In Review: 'Knock at the Cabin'
In adapting Paul G. Tremblay's horror novel about a home invasion with apocalyptic implications, M. Night Shyamalan challenges mainstream audiences. But only to a point.
Knock at the Cabin
Dir. M. Night Shyamalan
Paul G. Tremblay’s novel The Cabin at the End of the World has the compact quality of a short story, twisting the premise of a home invasion thriller into a grim, white-knuckle acceleration to doomsday. Its audacious story about a family that almost literally stands at the precipice of global collapse makes the apocalypse personal, challenging its characters to make the ultimate sacrifice to save mankind—and whether such a choice is even cosmically just to leave in their hands. Tremblay compromises nothing, to the point where the book should be classified more as horror than thriller or pressure-cooker drama, because he wants the situation to feel visceral where it might be abstract.
At a certain point in his otherwise tense and crisply orchestrated adaptation, Knock at the Cabin, M. Night Shyamalan has to slam on the brakes, as if he’s playing a losing game of chicken with Tremblay’s oncoming car. He can’t entirely be blamed for it: Turning this book into a movie is a commercially dodgy proposition to say the least, and going all the way with it risks a CinemaScore somewhere between “F” and a full-scale riot at the multiplex. Yet the changes he makes to the material are nonetheless damaging to its integrity, eventually landing on a Hollywood ending that feels like a half-measure—still bleak yet mushy and pseudo-spiritual, a narrative no man’s land.
The Reveal is a reader-supported newsletter dedicated to bringing you great essays, reviews and conversation about movies. While both free and paid subscriptions are available, please consider a paid subscription to support our long-term sustainability
But getting there is often tremendously compelling, with Shyamalan returning to the formal brio of his best work in order to give this single-setting drama the intensity it requires. At a vacation rental spot deep in the Massachusetts woods—deep enough to be out of cell phone tower range, of course—Eric (Jonathan Groff) and Andrew (Ben Aldridge) bring their adopted daughter Wen (Kristen Cui) for a relaxing weekend. As Wen is out front catching crickets, she’s approached by a gentle giant named Leonard (Dave Bautista), who claims sincerely that he wants to be her friend before asking to speak to her parents. Wen is scared by this ominous request, which becomes more threatening still when three other strangers approach the cabin with odd, hand-tooled weapons.
When Leonard and his associates finally break in, the family is so terrified that they couldn’t possibly be receptive to his message, which would still seem insane over a friendly glass of wine and charcuterie. Leonard tells them that he and the others, who come from different areas of the country, share the same vivid and startlingly specific vision of the apocalypse. Over the next series of hours, the world will end bit by bit, through various earthquakes and plagues and other disasters of unknown origin. And the only way it can be stopped is if Eric, Andrew, or Wen make a choice to sacrifice one of them to save humanity. And the sacrifice cannot be done by their own hand.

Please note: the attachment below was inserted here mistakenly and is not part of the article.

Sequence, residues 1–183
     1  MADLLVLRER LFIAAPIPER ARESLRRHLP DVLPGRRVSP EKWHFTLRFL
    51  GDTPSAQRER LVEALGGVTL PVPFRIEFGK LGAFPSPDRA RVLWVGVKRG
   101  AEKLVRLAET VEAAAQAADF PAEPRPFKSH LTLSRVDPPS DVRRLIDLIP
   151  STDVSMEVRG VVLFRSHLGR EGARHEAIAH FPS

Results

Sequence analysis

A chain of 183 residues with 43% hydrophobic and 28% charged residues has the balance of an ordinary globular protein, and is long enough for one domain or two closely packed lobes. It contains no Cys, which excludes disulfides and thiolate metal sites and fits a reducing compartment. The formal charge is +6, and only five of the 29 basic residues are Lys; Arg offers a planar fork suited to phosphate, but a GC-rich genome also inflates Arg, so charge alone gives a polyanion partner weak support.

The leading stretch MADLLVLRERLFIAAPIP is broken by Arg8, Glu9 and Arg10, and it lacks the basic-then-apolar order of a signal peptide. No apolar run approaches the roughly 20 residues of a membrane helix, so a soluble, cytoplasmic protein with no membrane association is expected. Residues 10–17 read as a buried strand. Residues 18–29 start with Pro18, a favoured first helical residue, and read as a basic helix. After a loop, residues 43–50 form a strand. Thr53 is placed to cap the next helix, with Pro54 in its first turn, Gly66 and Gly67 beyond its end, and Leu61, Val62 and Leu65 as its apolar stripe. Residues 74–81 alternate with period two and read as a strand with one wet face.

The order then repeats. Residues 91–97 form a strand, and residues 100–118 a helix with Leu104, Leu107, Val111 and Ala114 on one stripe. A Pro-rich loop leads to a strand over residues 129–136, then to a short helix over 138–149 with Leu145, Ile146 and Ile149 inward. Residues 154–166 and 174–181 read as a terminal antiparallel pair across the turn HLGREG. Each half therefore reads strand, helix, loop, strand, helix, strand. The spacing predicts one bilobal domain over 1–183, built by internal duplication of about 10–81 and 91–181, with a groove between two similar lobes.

Naturally, Eric and Andrew come to the quick conclusion that these home invaders must be members of a death cult, but cable television still works out in the sticks and there’s mounting evidence that what they’re saying might be true. For Shyamalan, who’s drawn to high-concept ideas like a floating cartoon character to pie on the windowsill, Knock at the Cabin must have seemed like the ultimate get-them-talking conversation piece. Would you be willing to kill a member of your family to stop the world from dying? (Cue a miserable ride home from the theater in the station wagon, followed by dad sleeping on the couch.) Shyamalan has to answer that question—he’s trapped in a corner as much as Eric and Andrew are—but he backs away from it as far as possible.
What’s left touches on themes of family and parenthood that have been central to Shyamalan’s career since The Sixth Sense and Signs, which here seem especially resonant at a time when adults are raising children to confront threats from climate change, pandemics, and other extinction-level events. Knock at the Cabin reaches its limits there, too, but the weak dismount doesn’t blunt all of its power, particularly Bautista’s performance as Leonard, which should be enough to separate the actor from his beefy ex-WWE peers. Bautista projects unwavering sincerity while having to carry out acts of madness and violence, and he makes Leonard both a tragic and terrifying figure at the same time. He genuinely wants to be Wen’s friend. He knows it’s a sickening impossibility. — Scott Tobias
Knock at the Cabin opens tonight at theaters everywhere.
That Shyamalan is “drawn to high-concept ideas like a floating cartoon character to pie on the windowsill” made me laugh out loud.
Shyamalan remarkably good at conjuring up dread, and it terrible shame he only seem to write or adapt stories that stomp all over fine line between clever and stupid. Me would have liked to see him direct one of Harry Potters, where he could provide atmospherics and brisk storytelling but not actually have to be one to tell story.
Anyway, it has been joy to see Bautista grow as actor over last few years, and me excited to see him start to get roles with more depth. That being said, me also sad he not seem to want to do more Guardians of Galaxy, as he always kills it as Drax.